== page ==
Friday, January 23, 2004

What’s in a (Scene) Name?

(Leather Life column published in Lavender Magazine, Issue #226, January 23, 2004)

Hi, I’m Steve Lenius. Pleased to meet you.

For pretty much my whole life, I’ve been known by that name. When I was very young I was called “Stevie,” but as soon as I was able to express a preference and make it stick I put a stop to that. When I started writing I decided that I would refer to myself in print as “Stephen A. Lenius,” but such a formal byline just didn’t seem to work at the beginning of a leather column. So here I am—your humble columnist, Steve Lenius.

Even in the world of the internet, I’ve pretty much had one online handle since I first started my online life. That handle, “slenius”—eminently practical if unimaginative—has lasted me through, at last count, four different internet service providers.

Contrast that to the experience of noted playwright/lyricist/screenwriter/performer Betty Comden. She devotes the first chapter of her autobiography, Off Stage, to the succession of names by which she has been known over the course of her lifetime. She makes the point that “One’s name is, after all, the label by which one identifies oneself. If it keeps changing, perhaps one’s sense of identity keeps shifting about also.”

In light of this, consider the use of names as they relate to the leather/BDSM milieu. It has been my observation that if you are in a leather bar and introduce yourself to a gay leatherman he will most likely introduce himself using the name with which he was born. Occasionally he will introduce himself using a nickname, and this nickname will be the name by which everyone else in the bar knows him, and perhaps even everyone else outside the bar. That’s just the name he goes by. The same can be said of the vast majority of leather lesbians I have known over the years.

The issue of names is handled somewhat differently in pansexual/heterosexual BDSM circles. Here people who identify themselves by their birth name seem to be the exception; the norm is to identify oneself by one’s “scene name” or “handle,” which is a pseudonym either that an individual has chosen or that has been bestowed on them by someone else. A scene name is usually chosen for its uniqueness, at least within a given community—although as the Twin Cities pansexual community grows I am increasingly seeing confusion arising from two or more people sharing similar or identical scene names. And some people use one scene name in person but have a different online handle, which can make things even more confusing.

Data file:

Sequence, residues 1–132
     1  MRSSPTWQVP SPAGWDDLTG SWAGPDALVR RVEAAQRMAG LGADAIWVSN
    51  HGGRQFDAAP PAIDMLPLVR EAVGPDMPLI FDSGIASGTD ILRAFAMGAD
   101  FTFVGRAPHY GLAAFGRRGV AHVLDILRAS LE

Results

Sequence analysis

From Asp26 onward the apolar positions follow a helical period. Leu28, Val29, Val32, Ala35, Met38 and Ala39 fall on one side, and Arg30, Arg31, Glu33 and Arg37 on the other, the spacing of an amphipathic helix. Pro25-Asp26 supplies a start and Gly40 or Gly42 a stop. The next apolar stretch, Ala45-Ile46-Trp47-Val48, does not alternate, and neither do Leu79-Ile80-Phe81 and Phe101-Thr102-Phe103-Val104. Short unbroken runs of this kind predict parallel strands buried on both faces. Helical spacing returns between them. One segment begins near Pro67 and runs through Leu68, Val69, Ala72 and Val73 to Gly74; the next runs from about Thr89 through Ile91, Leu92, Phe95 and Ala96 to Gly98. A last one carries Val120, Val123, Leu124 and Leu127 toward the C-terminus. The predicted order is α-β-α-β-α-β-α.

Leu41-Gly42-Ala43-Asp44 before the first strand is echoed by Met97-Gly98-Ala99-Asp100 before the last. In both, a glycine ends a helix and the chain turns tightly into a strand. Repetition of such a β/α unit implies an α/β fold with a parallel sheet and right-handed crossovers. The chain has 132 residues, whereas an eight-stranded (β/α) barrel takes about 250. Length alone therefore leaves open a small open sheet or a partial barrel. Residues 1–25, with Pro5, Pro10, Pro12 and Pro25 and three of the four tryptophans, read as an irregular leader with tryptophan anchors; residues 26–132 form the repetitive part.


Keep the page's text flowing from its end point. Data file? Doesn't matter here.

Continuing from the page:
Hearing people’s scene names can be interesting and even titillating. A scene name is useful in that it often tells you something about the person’s interests or preferences, and for added spice the name often contains an element of fantasy/mysticism/sexiness. Especially in chatrooms and other online parts of the leather/BDSM community, a scene name can be evocative, and it can also be a good conversation-starter—I have seen fascinating online discussions about the derivation of people’s scene names. Seeing a scene name online, and reading what the owner of the name has written, has often made me curious enough to want to meet the person and to seek them out at a munch. A scene name represents an identity tailor-made for the BDSM world, and the conglomeration of all the scene names in a room or a chatroom is an integral part of defining that scene.